Thursday, November 12, 2020

[Roundtable] Raising Our Voices 2020 - Anthropological Insights for Rapid Mobilization During COVID-19 and Other Health Emergencies

As part of the annual meetings of the American Anthropological Association that have been reconstituted as 'Raising Our Voices' - a series of virtual events - I joined a roundtable discussion entitled "Anthropological Insights for Rapid Mobilization During COVID-19 and Other Health Emergencies", organized by Kristin Hedges (Grand Valley State University) and Michael Ennis-McMillan.

Held in November 6, 2020 (November 7, 6 AM! in Manila), The panel featured people working in medical anthropology and global health: Claudia Ordonez (Emory University), Jorge Benavides-Rawson (George Washington University), James Pfeiffer (University of Washington, Mark Nichter (University of Arizona), Monica Schoch-Spana (Johns Hopkins), and Robert Hahn (Centers for Disease Control), and touched on topics like systemic racism, health disparities, trust, biocommunicability, medical populism, and health care workers. 

Here is the transcript of my prepared remarks for the roundtable discussion, offering my thoughts about what's happening in the Philippines:

Cut off from physical fieldwork, the pandemic has pushed me, like many anthropologists in the Philippines, to embrace methods that allow me to do research at home - or within my own community. Foremost of this of course is monitoring what people are thinking and experiencing during the pandemic; how they negotiate rules like mask wearing and distancing,  how social and health inequities impact people’s experiences, and how local concepts of immunity and contagion are influencing the way people imagine the virus.

Speaking of the virus, I’ve also been reflecting on the pandemic from a multi-species perspective not just in terms of microbes but non-human animals and house plants that people are embracing to an astounding extent here. I have also been looking at the ways political leaders from Rodrigo Duterte to Donald Trump respond to the pandemic in various - often noxious - ways. 

What we are seeing the Philippines, and what I have also been virtually observing, around the world are the familiar patterns or styles with which political leaders - from the  local to national level - respond to the pandemic - in what we term ‘ medical populism’. Foremost of this is the resort to spectacle and simplification, whether it is Brazil’s Bolsonaro denying the magnitude of the pandemic to Donald Trump touting cures like chloroquine - or dramatically taking off his mask after going home to the White House. As the pandemic drags on,  we see leaders shifting to vaccine messianism, vaccine nationalism, or the promise of forthcoming vaccines to end the pandemic. This embrace of simple solutions naturally pit leaders against public health experts, so we see tension, even as we also see how science is invoked for political ends.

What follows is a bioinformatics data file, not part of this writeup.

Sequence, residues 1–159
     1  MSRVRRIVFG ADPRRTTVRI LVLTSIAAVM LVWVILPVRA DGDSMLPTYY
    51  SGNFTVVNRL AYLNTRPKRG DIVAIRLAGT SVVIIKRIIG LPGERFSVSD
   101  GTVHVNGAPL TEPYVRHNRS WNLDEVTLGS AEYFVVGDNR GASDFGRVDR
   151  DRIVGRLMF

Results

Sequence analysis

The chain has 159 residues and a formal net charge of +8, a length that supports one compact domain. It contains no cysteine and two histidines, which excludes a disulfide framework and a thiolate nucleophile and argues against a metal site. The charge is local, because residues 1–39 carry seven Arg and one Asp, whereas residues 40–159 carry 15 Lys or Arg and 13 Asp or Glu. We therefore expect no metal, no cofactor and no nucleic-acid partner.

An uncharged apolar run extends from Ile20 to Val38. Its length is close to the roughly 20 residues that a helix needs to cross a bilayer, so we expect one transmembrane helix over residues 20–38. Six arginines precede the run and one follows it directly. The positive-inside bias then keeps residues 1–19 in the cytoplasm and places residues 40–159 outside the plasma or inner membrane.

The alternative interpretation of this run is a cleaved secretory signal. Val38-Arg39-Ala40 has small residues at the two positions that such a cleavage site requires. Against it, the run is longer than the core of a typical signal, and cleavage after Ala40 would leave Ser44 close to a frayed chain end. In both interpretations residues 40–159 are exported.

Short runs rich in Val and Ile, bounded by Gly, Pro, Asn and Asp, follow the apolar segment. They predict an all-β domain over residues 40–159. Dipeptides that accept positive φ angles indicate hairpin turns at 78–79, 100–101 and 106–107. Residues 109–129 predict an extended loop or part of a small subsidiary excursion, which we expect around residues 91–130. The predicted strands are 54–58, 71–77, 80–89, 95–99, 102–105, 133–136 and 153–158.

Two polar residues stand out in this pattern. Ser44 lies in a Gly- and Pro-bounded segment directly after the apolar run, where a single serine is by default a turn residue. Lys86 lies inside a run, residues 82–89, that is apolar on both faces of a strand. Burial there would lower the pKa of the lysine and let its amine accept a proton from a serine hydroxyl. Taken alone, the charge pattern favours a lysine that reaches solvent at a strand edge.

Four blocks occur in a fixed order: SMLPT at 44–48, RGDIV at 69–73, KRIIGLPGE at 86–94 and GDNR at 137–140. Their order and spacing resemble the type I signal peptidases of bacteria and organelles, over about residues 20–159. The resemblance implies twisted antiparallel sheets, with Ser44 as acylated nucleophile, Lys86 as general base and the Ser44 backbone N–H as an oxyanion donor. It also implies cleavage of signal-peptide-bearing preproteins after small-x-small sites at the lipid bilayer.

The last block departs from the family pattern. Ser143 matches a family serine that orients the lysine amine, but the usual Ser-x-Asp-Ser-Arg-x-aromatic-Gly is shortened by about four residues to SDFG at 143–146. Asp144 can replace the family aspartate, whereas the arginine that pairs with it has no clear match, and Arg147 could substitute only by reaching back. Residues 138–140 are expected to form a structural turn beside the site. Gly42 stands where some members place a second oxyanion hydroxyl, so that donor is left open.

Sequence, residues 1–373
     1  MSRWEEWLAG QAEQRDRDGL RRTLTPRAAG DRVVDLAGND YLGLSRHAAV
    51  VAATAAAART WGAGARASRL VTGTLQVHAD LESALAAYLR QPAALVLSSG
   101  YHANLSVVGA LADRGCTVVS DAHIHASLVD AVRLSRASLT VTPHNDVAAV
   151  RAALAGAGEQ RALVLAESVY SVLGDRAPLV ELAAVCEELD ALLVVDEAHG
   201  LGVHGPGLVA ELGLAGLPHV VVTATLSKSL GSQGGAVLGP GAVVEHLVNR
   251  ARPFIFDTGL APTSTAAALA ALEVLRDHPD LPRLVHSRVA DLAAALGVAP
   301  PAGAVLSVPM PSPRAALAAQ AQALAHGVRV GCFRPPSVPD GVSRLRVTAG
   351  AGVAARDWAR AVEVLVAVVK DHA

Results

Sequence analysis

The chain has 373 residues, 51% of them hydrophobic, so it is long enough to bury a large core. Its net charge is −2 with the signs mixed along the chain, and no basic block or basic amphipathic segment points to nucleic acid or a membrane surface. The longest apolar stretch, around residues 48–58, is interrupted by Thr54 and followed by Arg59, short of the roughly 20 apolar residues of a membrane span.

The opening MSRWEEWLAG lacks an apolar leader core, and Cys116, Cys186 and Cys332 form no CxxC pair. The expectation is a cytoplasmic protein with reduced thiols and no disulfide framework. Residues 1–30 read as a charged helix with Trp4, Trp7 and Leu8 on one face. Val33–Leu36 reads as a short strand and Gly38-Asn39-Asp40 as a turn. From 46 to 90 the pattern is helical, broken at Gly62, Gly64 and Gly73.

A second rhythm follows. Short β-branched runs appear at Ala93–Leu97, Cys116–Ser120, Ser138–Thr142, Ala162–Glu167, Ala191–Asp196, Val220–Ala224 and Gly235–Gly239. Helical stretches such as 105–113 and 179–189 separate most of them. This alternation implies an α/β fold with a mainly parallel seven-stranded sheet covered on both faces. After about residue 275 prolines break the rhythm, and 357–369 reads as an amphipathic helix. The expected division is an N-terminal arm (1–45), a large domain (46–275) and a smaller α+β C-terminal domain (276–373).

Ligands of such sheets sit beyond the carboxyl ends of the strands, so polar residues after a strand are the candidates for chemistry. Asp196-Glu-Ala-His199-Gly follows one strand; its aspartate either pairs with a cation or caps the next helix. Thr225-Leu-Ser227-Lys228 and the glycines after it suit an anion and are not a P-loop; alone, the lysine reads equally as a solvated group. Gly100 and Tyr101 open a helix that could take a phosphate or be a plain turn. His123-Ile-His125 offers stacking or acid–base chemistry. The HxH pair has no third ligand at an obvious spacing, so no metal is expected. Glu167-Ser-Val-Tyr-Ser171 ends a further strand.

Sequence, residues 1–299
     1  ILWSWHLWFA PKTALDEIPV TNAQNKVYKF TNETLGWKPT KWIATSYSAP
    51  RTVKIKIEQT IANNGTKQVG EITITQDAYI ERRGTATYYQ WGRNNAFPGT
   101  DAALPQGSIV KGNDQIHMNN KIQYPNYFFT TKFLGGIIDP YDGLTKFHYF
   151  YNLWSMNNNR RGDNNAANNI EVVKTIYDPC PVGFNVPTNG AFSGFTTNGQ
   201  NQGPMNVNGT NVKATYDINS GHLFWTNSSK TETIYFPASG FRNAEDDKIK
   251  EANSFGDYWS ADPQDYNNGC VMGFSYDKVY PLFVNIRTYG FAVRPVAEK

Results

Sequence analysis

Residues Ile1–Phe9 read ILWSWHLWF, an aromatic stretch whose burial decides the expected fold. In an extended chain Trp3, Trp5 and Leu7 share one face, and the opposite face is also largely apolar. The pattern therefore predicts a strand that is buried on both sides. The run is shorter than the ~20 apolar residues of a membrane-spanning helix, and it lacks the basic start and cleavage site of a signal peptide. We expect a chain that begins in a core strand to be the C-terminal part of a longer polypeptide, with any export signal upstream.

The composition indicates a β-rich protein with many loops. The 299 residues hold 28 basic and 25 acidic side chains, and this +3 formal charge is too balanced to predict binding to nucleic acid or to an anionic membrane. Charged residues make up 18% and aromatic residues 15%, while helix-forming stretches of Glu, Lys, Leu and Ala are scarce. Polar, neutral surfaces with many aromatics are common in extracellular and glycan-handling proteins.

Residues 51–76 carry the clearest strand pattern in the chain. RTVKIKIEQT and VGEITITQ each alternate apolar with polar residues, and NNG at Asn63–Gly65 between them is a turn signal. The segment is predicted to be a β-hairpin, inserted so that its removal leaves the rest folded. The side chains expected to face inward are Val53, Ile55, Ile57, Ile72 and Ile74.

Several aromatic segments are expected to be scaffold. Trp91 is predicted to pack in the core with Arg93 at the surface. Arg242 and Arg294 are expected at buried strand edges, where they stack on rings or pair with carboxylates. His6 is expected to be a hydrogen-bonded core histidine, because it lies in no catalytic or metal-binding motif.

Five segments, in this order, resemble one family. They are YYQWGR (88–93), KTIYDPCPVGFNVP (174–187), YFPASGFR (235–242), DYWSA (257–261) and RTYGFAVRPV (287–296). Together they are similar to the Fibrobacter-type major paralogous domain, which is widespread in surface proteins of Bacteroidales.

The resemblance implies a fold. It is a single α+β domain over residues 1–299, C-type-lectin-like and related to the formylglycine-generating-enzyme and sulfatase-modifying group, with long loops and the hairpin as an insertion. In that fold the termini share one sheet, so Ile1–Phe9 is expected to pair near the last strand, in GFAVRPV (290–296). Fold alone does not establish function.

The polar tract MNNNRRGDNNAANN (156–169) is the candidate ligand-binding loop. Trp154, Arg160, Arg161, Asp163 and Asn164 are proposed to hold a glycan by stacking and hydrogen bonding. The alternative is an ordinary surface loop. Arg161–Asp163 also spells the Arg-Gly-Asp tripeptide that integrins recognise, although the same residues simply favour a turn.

Another component of medical populism is the forging of divisions between the people and dangerous or infectious others. Especially during the early phase of the pandemic, it was heavily linked to China and leaders were happy to perpetuate this racialization of the virus. Donald. Trump’s antagonism towards the WHO is another example, and all over the world we see leaders turning against critics, media, and other groups, some even using the “fog of COVID-19” to gain more political power. This brings us to the discursive use of pandemics as “states of exception” that justify exceptional measures, allowing for the suspension of human rights.

The anthropological dimension to all of this of course is how people respond to this political responses, and how medical populism resonates with them. There is much we do not understand and one challenge is how we can engage with our communities in ways that transcend physical and social distance. Here in the Philippines we are beginning to see a sense of conspiracy among rural communities who think that the virus is a ploy by hospitals and politicians to make money. There’s also a sense from within poor communities that they are more resistant to the virus given that they’re already exposed to all kinds of bacteria. These are evolving views and I will end for now by emphasizing the evolving nature of the pandemic which requires our constant vigilance and engagement. 

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